Preprint Article Version 1 Preserved in Portico This version is not peer-reviewed

QSAR Model for Predicting the Cannabinoid Receptor 1 Binding Affinity and Dependence Potential of Synthetic Cannabinoids

Version 1 : Received: 12 November 2020 / Approved: 13 November 2020 / Online: 13 November 2020 (07:19:36 CET)

How to cite: Lee, W.; Park, S.; Hwang, J.; Hur, K.; Lee, Y.S.; Kim, J.; Zhao, X.; Park, A.; Min, K.H.; Jang, C.; Park, H. QSAR Model for Predicting the Cannabinoid Receptor 1 Binding Affinity and Dependence Potential of Synthetic Cannabinoids. Preprints 2020, 2020110363 (doi: 10.20944/preprints202011.0363.v1). Lee, W.; Park, S.; Hwang, J.; Hur, K.; Lee, Y.S.; Kim, J.; Zhao, X.; Park, A.; Min, K.H.; Jang, C.; Park, H. QSAR Model for Predicting the Cannabinoid Receptor 1 Binding Affinity and Dependence Potential of Synthetic Cannabinoids. Preprints 2020, 2020110363 (doi: 10.20944/preprints202011.0363.v1).

Abstract

In recent years, there have been frequent reports on the adverse effects of synthetic cannabinoid (SC) abuse. SCs cause psychoactive effects, similar to those caused by marijuana, by binding and activating cannabinoid receptor 1 (CB1R) in the central nervous system. The aim of this study was to establish a reliable quantitative structure-activity relationship (QSAR) model to correlate the structures and physicochemical properties of various SCs with their CB1R-binding affinities. We prepared 15 SCs and their derivatives (tetrahydrocannabinol [THC], naphthoylindoles, and cyclohexylphenols) and determined their binding affinity to CB1R, which is known as a dependence-related target. We calculated the molecular descriptors for dataset compounds using an R/CDK (R package integrated with CDK, version 3.5.0) toolkit to build QSAR regression models. These models were established and statistical evaluations were performed using the mlr and plsr packages in R software. The most reliable QSAR model was obtained from the partial least squares regression method via external validation. This model can be applied in vivo to predict the addictive properties of illicit new SCs. Using a limited number of dataset compounds and our own experimental activity data, we built a QSAR model for SCs with good predictability. This QSAR modeling approach provides a novel strategy for establishing an efficient tool to predict the abuse potential of various SCs and to control their illicit use.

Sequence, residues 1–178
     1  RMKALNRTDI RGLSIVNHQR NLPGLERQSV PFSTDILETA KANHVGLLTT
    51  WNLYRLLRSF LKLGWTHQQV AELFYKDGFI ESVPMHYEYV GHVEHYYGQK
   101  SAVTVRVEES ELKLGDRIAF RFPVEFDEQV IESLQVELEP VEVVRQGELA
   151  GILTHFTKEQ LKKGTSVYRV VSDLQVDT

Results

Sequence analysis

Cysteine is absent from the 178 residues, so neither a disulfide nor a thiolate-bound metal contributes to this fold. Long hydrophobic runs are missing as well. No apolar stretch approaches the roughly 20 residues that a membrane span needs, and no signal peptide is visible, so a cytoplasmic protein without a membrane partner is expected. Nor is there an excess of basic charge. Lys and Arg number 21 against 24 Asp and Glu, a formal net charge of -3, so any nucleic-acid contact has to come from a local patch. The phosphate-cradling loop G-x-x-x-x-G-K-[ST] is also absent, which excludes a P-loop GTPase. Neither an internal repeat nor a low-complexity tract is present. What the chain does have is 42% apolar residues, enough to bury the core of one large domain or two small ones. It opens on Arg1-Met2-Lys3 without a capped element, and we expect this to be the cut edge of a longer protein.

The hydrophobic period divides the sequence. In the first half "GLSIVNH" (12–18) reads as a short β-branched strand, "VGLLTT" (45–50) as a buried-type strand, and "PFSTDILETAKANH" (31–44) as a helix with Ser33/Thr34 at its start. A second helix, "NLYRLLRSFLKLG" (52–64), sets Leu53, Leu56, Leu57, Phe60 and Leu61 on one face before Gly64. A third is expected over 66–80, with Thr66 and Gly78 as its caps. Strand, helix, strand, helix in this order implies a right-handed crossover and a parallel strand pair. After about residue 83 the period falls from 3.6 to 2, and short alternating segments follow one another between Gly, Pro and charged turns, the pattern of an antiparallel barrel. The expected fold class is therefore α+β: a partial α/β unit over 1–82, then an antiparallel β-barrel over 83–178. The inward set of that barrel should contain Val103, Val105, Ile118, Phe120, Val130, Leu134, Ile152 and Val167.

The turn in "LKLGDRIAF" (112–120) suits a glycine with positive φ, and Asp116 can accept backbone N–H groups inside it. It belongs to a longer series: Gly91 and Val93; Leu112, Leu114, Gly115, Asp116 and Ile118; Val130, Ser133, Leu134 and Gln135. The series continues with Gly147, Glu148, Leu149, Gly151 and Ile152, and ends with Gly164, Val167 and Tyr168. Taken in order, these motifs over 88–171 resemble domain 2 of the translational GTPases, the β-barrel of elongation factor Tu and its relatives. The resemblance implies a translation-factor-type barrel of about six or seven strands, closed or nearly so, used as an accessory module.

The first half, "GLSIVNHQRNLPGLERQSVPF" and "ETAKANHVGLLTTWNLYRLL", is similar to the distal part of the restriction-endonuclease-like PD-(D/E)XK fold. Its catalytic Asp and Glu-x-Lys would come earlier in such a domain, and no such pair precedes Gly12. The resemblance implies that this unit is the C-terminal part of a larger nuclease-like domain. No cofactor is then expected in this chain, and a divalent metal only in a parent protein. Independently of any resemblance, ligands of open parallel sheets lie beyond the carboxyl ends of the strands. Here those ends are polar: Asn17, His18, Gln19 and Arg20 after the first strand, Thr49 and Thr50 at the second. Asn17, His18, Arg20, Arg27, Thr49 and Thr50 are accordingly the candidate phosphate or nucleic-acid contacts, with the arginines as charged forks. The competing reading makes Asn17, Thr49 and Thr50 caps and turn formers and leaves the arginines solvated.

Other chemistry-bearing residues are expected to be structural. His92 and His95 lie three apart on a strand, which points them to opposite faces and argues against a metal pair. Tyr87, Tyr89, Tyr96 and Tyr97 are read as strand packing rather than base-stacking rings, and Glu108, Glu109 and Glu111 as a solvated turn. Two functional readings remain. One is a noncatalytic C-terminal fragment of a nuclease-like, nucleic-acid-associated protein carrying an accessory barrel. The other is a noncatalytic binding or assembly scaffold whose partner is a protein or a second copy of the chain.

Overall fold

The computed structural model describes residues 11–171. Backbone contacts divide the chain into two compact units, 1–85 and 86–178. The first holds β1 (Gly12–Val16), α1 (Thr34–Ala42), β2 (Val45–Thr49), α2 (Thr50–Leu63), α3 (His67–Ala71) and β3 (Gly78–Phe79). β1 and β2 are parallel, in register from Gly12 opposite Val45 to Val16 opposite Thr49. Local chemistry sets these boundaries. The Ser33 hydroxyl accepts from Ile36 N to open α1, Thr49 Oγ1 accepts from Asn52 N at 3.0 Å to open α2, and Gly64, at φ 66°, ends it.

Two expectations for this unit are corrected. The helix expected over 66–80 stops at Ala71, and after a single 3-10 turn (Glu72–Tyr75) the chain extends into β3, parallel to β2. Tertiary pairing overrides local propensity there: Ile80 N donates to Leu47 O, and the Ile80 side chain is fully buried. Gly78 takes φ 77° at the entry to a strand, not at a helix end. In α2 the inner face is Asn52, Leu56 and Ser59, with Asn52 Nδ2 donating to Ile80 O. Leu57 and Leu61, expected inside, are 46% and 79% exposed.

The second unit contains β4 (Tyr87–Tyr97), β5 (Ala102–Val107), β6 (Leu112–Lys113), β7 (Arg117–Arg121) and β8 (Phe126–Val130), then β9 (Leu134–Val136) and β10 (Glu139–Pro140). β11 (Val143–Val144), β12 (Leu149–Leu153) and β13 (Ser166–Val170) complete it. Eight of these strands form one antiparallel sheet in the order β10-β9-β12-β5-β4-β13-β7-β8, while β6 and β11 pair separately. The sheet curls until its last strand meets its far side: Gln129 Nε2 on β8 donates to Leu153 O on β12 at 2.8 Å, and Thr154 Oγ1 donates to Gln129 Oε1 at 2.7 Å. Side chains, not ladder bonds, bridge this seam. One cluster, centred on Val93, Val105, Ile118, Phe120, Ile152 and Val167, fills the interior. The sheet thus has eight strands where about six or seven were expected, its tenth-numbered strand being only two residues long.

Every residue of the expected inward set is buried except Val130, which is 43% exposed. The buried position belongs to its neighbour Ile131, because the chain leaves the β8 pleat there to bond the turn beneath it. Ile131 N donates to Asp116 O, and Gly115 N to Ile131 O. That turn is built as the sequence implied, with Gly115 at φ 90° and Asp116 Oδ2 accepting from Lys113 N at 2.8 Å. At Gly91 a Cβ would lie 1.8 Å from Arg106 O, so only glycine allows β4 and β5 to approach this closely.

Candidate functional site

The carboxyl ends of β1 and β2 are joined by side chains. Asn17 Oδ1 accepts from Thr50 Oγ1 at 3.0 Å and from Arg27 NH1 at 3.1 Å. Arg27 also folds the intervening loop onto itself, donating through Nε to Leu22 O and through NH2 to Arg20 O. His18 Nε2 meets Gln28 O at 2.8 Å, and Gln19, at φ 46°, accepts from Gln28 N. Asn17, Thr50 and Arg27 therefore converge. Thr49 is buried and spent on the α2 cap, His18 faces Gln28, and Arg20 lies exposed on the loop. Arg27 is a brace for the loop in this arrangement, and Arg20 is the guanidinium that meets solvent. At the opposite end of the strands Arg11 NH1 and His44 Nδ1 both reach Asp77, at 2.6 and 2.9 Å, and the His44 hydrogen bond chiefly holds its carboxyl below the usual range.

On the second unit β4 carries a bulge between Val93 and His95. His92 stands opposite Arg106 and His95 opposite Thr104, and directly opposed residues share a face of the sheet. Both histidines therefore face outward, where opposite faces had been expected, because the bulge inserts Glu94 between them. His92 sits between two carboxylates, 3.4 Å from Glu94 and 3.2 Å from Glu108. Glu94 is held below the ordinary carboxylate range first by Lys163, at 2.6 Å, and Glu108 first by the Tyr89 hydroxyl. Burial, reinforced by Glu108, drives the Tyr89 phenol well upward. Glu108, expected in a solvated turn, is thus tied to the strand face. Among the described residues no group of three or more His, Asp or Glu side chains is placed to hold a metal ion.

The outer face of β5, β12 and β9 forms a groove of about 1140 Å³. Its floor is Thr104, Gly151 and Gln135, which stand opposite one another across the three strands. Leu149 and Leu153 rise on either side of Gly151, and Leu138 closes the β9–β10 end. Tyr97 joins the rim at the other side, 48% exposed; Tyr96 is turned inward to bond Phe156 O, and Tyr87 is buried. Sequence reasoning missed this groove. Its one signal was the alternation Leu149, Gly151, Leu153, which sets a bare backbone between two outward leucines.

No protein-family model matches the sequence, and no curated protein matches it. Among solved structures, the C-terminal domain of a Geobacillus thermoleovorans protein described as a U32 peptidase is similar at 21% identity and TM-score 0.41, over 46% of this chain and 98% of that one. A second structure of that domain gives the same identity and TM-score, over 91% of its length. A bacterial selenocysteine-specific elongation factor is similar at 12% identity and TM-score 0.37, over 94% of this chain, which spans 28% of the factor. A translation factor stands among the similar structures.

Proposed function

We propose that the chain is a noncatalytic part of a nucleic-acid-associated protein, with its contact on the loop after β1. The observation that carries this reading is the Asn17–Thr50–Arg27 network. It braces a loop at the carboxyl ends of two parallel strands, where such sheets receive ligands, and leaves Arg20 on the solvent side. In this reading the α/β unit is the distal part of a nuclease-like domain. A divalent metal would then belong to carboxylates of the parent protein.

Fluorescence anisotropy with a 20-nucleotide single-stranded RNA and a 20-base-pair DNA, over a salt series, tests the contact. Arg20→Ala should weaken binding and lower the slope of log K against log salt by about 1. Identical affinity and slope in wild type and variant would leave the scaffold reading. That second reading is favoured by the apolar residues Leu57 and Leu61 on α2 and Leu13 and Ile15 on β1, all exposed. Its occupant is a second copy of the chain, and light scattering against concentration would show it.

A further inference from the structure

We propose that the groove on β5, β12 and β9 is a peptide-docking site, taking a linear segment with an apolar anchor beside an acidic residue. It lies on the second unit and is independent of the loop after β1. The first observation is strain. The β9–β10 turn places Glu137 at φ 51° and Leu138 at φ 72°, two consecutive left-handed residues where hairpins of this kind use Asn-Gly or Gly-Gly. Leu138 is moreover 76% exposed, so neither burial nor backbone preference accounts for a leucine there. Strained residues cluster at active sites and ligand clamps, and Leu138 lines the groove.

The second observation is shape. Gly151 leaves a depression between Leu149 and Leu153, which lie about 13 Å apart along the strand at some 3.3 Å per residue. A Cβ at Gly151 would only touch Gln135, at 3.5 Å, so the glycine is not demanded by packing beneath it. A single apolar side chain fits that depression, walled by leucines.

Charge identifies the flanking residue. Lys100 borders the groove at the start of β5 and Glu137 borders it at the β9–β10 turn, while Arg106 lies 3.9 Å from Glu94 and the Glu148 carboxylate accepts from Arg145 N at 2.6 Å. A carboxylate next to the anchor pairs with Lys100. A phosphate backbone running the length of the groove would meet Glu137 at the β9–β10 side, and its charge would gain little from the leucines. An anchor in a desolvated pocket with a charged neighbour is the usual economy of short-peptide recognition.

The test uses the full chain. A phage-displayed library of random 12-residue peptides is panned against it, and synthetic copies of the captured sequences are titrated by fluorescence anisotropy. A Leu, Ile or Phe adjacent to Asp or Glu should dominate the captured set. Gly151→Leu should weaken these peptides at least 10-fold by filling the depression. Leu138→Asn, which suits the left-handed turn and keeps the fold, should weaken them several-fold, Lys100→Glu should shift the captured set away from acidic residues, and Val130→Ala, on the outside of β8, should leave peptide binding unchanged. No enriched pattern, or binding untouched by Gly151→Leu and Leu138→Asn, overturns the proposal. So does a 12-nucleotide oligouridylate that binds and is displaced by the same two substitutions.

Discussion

Subject Areas

cannabinoid receptor 1; synthetic cannabinoids; quantitative structure-activity relationship; multiple linear regression; partial least squares regression; dependence and abuse potential

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